Opposition Parties Plan Alternate Swearing-In

With the next National Assembly set to be sworn in today at a ceremony at the Royal Palace, the political opposition has come up with an alternate ceremony of its own that promises to be a decidedly less formal affair.

The Sam Rainsy Party and Hu­man Rights Party have threatened since shortly after the July 27 national election to boycott the first session of the Assembly and the swearing in ceremony over alleged election irregularities.

SRP President Sam Rainsy said Tuesday that should King Noro­dom Sihamoni deny his request to hold a separate swearing-in ceremony for the opposition, the two parties would have their own ceremony at the Preah Angdongker shrine Friday.

Located on the riverbank in front of the Royal Palace, the small shrine is probably best recognized as an area brimming with lotus blossoms and sparrow merchants.

Sam Rainsy added that under the law there is no requirement that law­makers be sworn in at the Pal­ace in a ceremony presided over by the King.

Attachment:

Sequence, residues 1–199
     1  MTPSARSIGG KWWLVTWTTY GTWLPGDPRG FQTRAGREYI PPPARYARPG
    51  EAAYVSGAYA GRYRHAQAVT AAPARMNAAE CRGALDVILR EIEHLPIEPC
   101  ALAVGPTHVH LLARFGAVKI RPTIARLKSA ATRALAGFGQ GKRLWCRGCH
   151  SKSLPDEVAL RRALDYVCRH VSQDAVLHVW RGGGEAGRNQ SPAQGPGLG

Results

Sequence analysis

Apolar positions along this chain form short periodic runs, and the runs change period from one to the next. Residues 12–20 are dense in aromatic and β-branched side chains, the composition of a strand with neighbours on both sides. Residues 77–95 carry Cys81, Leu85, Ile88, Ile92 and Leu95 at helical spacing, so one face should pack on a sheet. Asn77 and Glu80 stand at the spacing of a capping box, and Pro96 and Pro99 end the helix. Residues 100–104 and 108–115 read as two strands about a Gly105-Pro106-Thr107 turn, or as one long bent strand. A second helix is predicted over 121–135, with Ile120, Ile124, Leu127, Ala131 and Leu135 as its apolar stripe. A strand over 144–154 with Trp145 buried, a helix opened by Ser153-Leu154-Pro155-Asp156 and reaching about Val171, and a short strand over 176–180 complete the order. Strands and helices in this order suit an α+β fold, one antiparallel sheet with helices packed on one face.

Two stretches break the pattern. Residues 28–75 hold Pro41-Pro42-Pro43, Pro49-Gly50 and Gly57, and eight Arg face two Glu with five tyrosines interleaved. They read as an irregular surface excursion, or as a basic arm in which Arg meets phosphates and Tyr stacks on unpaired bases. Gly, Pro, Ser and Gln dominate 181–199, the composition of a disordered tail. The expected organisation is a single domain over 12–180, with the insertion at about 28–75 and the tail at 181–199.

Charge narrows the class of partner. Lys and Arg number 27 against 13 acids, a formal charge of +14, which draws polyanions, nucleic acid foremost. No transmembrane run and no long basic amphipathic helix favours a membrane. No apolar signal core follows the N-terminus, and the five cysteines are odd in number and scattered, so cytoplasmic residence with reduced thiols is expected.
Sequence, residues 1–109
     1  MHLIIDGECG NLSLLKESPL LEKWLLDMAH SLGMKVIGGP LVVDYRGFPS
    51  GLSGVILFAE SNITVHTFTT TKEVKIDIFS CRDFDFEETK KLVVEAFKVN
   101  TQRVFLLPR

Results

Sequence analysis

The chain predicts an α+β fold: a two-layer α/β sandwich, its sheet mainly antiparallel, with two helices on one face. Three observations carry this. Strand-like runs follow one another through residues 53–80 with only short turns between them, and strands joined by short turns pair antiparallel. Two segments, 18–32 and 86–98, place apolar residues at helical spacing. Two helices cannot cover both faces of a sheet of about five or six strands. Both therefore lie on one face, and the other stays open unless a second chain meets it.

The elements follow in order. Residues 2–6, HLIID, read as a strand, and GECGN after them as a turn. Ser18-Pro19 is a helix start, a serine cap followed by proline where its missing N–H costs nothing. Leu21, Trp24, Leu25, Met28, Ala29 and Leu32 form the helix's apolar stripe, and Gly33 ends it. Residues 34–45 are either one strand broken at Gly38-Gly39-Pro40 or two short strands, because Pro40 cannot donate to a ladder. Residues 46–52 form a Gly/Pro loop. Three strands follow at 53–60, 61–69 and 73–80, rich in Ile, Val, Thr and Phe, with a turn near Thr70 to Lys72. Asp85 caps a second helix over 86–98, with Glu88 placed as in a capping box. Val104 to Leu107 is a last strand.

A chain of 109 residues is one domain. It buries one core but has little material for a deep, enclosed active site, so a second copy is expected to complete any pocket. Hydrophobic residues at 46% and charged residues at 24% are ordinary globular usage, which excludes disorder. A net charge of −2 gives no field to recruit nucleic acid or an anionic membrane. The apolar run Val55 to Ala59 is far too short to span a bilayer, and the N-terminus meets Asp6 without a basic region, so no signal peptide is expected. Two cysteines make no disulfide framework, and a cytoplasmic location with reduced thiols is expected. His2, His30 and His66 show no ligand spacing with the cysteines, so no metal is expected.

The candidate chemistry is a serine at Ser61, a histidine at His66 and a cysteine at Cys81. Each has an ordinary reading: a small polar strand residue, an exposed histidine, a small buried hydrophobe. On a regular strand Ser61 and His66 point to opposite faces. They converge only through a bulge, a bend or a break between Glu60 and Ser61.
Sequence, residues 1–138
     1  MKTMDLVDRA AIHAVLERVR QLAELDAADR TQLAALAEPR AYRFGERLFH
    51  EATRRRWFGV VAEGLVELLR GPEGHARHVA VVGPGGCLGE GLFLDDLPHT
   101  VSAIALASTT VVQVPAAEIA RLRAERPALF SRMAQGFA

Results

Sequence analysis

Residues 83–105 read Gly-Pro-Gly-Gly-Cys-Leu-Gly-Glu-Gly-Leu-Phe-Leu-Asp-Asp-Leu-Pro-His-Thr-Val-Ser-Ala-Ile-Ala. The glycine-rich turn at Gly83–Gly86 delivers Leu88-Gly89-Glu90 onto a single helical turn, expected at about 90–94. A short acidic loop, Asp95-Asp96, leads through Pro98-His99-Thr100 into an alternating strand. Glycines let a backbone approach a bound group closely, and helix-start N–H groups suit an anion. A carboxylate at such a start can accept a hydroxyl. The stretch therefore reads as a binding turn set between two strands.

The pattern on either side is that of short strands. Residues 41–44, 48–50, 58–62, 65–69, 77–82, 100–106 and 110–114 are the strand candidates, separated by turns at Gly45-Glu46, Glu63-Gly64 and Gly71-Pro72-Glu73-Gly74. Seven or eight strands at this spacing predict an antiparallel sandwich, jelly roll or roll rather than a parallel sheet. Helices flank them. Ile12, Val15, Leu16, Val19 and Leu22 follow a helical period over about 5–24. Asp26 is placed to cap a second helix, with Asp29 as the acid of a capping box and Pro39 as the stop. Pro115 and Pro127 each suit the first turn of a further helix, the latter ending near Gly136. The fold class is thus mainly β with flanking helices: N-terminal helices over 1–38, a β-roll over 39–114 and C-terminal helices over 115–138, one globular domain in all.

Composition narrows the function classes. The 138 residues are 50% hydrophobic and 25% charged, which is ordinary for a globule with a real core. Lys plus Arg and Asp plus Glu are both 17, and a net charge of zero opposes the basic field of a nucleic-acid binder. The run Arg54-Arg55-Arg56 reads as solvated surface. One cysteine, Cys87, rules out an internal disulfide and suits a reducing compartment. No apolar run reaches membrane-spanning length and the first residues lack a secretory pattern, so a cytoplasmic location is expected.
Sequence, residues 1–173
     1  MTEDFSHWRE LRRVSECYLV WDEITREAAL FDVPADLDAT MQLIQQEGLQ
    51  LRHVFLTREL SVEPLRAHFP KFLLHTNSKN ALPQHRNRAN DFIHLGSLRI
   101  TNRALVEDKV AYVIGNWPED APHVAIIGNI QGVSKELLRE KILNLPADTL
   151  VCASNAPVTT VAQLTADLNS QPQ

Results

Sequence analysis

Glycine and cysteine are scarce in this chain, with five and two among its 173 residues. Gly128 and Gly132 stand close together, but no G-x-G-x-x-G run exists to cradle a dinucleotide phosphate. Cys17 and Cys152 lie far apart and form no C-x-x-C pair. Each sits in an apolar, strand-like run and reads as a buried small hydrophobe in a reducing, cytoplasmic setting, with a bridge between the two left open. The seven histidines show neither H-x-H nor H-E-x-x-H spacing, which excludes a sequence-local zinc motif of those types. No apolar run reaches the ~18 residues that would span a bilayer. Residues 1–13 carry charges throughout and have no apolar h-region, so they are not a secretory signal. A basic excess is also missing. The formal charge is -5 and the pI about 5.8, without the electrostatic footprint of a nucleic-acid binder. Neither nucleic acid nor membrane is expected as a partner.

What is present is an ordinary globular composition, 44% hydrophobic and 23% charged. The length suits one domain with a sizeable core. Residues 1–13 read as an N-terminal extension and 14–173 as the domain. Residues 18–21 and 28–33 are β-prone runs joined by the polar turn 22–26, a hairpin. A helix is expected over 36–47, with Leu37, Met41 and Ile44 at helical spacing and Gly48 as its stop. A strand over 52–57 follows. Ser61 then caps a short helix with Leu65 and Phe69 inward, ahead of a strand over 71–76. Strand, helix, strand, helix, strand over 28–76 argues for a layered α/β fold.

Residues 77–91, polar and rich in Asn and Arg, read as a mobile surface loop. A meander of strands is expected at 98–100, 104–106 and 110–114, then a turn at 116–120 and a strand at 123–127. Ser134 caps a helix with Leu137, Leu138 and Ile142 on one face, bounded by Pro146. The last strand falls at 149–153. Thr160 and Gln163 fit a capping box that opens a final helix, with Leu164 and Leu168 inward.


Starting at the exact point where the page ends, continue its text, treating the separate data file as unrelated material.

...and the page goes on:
“The Constitution is not strict; it is flexible,” Sam Rainsy said. “We are not concerned about the swearing-in ceremony.”

Even so, the SRP leader has written to King Sihamoni at least three times to request a separate Palace ceremony. To date the King has not given any firm reply, but he did forward the SRP an opinion against the idea from the Constitutional Council.

The HRP has also abandoned its previous plan to briefly attend the first meeting of the Assembly today, but to then walk out when King Sihamoni leaves the building. HRP board of directors member Keat Sokhun said the party would now stay away from the session entirely because they have become aware that the session schedule would require them to stay for the entirety of the plenary meeting.

“We will stick to the boycott,” he said.

CPP lawmaker Cheam Yeap said that if the opposition members are not sworn in properly, they will not be full-fledged lawmakers.

“Sam Rainsy and the Human Rights Party can call on motodops to swear along with them,” Cheam Yeap said with a laugh.

“In one country there are not two laws. They should not go into the National Assembly forever,” he added.

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